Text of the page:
3. Kids use Facebook for (not annoying) good. Believe it or not, and whatever you might think of the situation in the Middle East, I found the following rather encouraging: The 14-year-old daughter of close family friends recently updated her Facebook status – which people use to say everything from “Joey is ‘eating spaghetti,'” to, “Sarah is ‘so, so, so excited to be engaged!'” – to read, “R. is ‘702 Palestinians murdered by Israel in Gaza (more than 230 children & 100 women) & 3100 injured. Donate your status.’” Now this is a little girl I’ve known since she was a baby, and whose young adulthood I’m so in denial about that I assiduously avoid her Facebook page, lest I find anything I don’t want to know. And Facebook is running out of ways to surprise me. But unlike the 101 groups for this or that cause, or messages from people actively proselytizing, this just had an earnest, honest, youthful sincerity to it that grabbed me. And  how nice to find that on Facebook.
  4. The government hates animals. New York’s Governor David A. Patterson has proposed “an immediate 55 percent cut and elimination of zoo and botanical garden funds altogether in 2010,” writes Andrew C. Revkin on the New York Times’ Dot Earth blog. All right, I get it — the state’s in trouble, and the $5 million it’ll save by slashing the zoo’s funding will no doubt go a long way in stabilizing things. Doom a hedgehog, feed an investment banker, and all that. But really, how sad. It isn’t enough that we’re destroying natural habitats all over the world, now we have to target the artificial ones we’ve created to shelter the few animals who might survive us. What difference does it make if my kids never get to see a red panda or Bengal tiger? (Never mind the American pika, a cute-as-a-button rabbit relative that’s on its way to becoming the second animal to join the endangered species list because of global warming, behind the polar bear. NatGeo can be such a downer.) Sheesh. The Wildlife Conservation Society’s pithy but pointed video response to the budget cuts is perfect. I hope someone listens.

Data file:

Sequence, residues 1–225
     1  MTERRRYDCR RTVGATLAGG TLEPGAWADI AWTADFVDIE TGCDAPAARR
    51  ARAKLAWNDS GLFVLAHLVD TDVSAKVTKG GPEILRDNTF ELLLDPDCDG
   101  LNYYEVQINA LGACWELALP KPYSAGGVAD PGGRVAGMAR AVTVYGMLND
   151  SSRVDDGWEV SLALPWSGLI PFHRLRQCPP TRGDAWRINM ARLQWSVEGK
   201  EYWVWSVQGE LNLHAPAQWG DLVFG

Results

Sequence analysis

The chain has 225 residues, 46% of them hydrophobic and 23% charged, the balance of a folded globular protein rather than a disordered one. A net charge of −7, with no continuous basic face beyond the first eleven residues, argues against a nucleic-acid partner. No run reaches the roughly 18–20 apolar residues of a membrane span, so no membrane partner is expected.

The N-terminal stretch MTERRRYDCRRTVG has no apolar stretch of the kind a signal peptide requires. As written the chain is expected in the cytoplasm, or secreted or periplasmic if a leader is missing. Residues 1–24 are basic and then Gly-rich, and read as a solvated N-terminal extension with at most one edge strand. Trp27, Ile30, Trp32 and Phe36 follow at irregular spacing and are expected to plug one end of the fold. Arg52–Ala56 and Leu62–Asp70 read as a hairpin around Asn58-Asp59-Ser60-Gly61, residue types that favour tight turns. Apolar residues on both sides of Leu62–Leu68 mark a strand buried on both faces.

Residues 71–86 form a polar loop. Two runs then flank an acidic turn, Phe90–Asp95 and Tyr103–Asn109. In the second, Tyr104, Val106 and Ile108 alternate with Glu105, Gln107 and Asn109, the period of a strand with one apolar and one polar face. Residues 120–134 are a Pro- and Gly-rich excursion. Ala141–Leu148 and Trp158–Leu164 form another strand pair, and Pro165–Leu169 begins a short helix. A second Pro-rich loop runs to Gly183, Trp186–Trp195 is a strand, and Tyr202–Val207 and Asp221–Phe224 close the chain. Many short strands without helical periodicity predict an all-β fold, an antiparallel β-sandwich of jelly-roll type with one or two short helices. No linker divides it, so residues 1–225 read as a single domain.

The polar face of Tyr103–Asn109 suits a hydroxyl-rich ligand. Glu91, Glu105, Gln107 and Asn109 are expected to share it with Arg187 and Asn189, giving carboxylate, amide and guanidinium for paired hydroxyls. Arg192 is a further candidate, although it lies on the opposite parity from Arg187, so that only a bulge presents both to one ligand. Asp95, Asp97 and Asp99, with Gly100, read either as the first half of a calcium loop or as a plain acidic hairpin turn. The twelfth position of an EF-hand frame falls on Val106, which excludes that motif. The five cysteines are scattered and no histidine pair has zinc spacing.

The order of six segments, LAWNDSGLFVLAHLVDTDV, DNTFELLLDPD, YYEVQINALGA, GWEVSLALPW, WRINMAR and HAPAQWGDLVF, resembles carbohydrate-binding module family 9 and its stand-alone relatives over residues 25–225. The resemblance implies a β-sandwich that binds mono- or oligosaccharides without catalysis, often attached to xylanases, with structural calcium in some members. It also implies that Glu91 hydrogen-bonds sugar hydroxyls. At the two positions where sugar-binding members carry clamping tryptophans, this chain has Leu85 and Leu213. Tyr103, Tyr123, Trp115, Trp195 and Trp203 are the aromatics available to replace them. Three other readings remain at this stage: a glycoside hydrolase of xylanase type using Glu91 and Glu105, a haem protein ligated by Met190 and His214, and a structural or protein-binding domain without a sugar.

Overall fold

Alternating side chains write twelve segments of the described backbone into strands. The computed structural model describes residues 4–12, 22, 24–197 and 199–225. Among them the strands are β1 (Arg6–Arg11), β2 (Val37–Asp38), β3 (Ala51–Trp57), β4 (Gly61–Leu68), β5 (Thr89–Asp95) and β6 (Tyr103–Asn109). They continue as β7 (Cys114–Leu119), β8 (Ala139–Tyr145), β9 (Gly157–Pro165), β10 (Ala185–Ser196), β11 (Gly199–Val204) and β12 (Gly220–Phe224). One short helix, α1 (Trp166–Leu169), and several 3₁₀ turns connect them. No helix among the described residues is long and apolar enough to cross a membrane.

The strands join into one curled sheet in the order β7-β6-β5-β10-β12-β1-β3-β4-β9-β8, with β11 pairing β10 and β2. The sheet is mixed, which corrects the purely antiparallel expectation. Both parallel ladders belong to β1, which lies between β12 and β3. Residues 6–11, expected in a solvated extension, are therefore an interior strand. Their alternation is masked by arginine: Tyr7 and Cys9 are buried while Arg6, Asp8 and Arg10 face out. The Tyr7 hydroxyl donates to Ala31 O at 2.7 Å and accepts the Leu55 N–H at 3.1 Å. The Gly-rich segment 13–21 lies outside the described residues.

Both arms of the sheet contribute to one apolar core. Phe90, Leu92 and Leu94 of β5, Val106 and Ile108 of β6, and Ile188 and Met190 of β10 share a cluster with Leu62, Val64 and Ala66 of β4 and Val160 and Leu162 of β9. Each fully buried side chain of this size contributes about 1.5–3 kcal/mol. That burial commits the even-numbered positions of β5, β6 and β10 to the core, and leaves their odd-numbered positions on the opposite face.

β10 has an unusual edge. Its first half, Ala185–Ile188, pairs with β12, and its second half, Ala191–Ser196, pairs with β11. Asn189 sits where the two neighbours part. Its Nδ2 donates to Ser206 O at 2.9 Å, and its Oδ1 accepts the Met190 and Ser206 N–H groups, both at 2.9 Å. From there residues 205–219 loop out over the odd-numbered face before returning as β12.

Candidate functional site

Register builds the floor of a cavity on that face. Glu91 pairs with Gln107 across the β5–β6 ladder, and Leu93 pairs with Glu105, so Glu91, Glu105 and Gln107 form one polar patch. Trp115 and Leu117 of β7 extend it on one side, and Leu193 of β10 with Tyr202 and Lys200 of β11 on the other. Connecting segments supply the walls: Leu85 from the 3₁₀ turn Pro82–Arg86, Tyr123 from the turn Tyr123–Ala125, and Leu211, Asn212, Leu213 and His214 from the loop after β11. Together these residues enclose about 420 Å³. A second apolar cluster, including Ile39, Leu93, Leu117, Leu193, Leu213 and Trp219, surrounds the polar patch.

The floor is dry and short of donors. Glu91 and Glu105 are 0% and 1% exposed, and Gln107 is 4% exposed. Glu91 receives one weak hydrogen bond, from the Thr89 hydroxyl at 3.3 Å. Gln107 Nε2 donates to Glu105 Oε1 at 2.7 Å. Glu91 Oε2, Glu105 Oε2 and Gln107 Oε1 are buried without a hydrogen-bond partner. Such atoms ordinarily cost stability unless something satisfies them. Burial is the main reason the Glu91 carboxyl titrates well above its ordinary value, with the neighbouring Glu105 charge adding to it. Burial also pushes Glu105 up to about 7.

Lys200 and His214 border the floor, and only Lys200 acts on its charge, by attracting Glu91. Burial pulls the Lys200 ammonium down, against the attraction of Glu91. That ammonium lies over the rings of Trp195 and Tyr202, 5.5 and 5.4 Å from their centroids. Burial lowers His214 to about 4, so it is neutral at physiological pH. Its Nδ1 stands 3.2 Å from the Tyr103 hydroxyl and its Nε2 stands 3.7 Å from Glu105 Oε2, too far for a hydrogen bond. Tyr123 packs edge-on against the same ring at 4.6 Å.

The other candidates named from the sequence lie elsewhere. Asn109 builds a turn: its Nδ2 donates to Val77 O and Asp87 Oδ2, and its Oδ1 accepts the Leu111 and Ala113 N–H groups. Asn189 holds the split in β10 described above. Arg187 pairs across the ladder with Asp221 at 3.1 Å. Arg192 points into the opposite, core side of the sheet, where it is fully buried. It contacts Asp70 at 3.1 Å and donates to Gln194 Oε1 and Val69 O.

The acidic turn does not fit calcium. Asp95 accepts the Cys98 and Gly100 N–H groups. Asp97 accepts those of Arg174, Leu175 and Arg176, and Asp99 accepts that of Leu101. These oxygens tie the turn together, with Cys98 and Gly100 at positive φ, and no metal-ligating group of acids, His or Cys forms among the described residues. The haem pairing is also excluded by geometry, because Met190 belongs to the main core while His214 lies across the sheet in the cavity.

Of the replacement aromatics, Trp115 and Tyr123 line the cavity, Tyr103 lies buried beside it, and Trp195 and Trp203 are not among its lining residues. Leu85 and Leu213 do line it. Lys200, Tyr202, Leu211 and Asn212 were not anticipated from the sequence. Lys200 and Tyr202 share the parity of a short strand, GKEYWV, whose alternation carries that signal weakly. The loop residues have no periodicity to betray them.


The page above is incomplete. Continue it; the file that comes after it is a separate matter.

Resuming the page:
5. And I love my Mom, but what about the elderly? And in what could have been my own personal apocalypse, on New Year’s Eve, my mother was diagnosed with breast cancer. And last week, she had surgery to remove it. It’ll be a few months of recovery ahead, but the way she handled it – bouncing right back better and bossier than ever – reminded me of that Boomer resilience that some say (and I hope) we’ve inherited. But it also underscored how important excellent health care is: While watching doctors dote on my mom was a relief, I couldn’t help but think about all the people who don’t have that, not just all over the world, but right here at home. And while nine million uninsured children is a disgrace, our aging population will be larger than ever in the coming years – because of both the number of Boomers, and their lengthening life span – and adequate health care will be essential for them. Not meeting those needs would be a disgrace, too.

So that’s what I’ve been thinking about, guys. What does it all mean? I don’t know yet, except that there’s a long road of recovery and rebuilding ahead for us, too. Have I fallen off the maudlin cliff, or do you feel it, too?